PM, a complex, heterogeneous mixture whose composition changes in time and space, and depends on emissions from various sources, atmospheric chemistry and weather conditions, includes “fine particles” which are 2.5 mm in diameter or less (PM2.5) and “coarse particles” which have diameters between 2.5 and 10 mm (PM10) [19]. Many epidemiological studies have shown short-term harmful health effects of PM [5]. However, it is likely that not every PM component is equally important in causing health effects [20]. Combustion-related particles, known as black carbon (BC) particles, are thought to be more harmful to health than PM that is not generated by combustion [20]. Historical studies are based on BS, but more recent studies use absorbance (Abs), BC or elemental carbon (EC) as exposure indicators [21]. The highest association in the current study occurred with BC. We found that concentration of BC in the third quintile increased the risk for asthma exacerbation on lag-3, for more than three times (OR= 3.23; 95% CI: 1.05–9.95). The large concentration of BC that exceeds permitted daily limit values, in the Užice region, is a result of household heating during the cold season because most of the heating houses use coal or oil. Previous studies have reported positive associations between BC and ED visits and hospital admissions for asthma [22–24].
PM10 is one of the top air pollutants in Serbia, with all air quality monitoring stations in the country registering exceedances of the permitted daily limit value of 50 mg per cubic meter (µg/m3) [25]. We observed a significant association between 3-day lag exposure to PM10 and ED visits for asthma with coexisting AR (OR = 2.38; 95% CI: 1.17–4.84), which is in accordance with most previous studies of short-term health effects [26–31]. In contrast, several other studies have failed to observe a statistically significant association [24, 32, 33].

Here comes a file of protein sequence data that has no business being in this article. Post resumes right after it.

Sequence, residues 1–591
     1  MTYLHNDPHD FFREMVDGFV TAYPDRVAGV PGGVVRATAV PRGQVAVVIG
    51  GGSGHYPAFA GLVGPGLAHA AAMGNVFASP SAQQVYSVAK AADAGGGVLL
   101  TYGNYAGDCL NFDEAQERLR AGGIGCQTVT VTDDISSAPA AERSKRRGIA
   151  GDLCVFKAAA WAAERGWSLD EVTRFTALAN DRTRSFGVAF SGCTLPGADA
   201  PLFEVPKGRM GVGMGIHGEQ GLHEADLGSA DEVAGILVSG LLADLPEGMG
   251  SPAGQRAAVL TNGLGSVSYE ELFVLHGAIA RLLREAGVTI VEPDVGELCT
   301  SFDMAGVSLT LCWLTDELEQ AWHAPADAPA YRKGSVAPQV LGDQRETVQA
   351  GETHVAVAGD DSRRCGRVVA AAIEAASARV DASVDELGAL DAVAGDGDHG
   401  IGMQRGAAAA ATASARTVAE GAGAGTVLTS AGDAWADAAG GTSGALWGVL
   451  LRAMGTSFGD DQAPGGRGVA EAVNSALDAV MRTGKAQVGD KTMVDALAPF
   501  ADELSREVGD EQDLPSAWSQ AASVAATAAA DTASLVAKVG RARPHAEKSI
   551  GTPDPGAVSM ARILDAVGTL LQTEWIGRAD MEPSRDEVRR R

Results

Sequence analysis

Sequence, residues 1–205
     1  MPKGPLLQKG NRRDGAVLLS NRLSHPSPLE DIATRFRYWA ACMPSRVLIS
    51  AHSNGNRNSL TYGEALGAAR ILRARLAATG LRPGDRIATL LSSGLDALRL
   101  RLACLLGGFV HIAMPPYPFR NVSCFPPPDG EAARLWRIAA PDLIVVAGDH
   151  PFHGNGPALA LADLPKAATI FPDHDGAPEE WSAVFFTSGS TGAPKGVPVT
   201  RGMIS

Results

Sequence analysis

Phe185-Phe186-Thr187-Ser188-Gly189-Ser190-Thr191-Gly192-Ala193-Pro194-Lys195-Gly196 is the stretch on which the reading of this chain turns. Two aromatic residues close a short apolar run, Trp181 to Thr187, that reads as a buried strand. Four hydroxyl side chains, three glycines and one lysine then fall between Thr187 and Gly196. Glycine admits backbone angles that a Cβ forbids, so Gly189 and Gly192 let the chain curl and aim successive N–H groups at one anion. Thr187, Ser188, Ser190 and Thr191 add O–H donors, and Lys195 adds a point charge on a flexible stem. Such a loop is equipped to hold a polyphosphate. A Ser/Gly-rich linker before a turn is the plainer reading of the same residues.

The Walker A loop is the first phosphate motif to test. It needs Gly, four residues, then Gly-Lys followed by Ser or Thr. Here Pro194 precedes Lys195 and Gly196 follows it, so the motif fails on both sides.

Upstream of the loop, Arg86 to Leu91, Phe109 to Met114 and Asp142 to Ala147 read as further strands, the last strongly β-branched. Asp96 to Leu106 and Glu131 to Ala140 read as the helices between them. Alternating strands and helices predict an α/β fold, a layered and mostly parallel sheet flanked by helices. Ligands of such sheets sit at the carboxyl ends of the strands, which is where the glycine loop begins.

According to a large systematic review and meta-analysis of 110 peer-reviewed time series studies, Atkinson et al. [6] pointed to adverse associations between short-term exposure to daily concentrations of PM2.5 and daily mortality and hospital admissions for cardiovascular and respiratory diseases. Zheng et al. [30] and Orellano et al. [34] in their systematic reviews and meta-analyses of 87 and 22 studies respectively, found a significant association between exposure to PM2.5 and asthma exacerbations. However we failed to find any statistically significant association between PM2.5 and asthma ED visits, which is in accordance with a Canadian study conducted by Lavigne et al. [35].
In this study we found a positive association between exposure to NO2, one of the main air pollutants which is typically associated with vehicle emissions, and ED visits for asthma with coexisting AR (OR = 1.57; 95% CI: 0.94–2.65). The harmful effects of NO2 exposure on asthma exacerbation were reported by several studies [12, 22, 24, 28, 33, 34, 36]. Modig et al. [37] found a positive association between asthma onset (OR per 10 mg/m3 1.46, 95% CI: 1.07–1.99) and incident asthma in adults (OR per 10 mg/m3 1.54, 95% CI: 1.00–2.36) and the levels of NO2, which remained statistically significant after adjusting for potential confounders. Several authors [22, 31] found a strong correlation between emergency admissions for asthma and NO2 level only during cold seasons. Zheng et al. [30] in the meta-analysis of 87 time-series studies (including case-crossover studies) of short-term exposure to air pollutants, found that NO2 was associated with significantly increased risks of asthma emergency room visits and hospitalizations (RR = 1.02; 95% CI: 1.01–1.02). Based on results from 26 studies, Zhang et al. [38] found a statistically significant association between NO2 and asthma emergency hospital admissions only in children but not in people aged 15–64.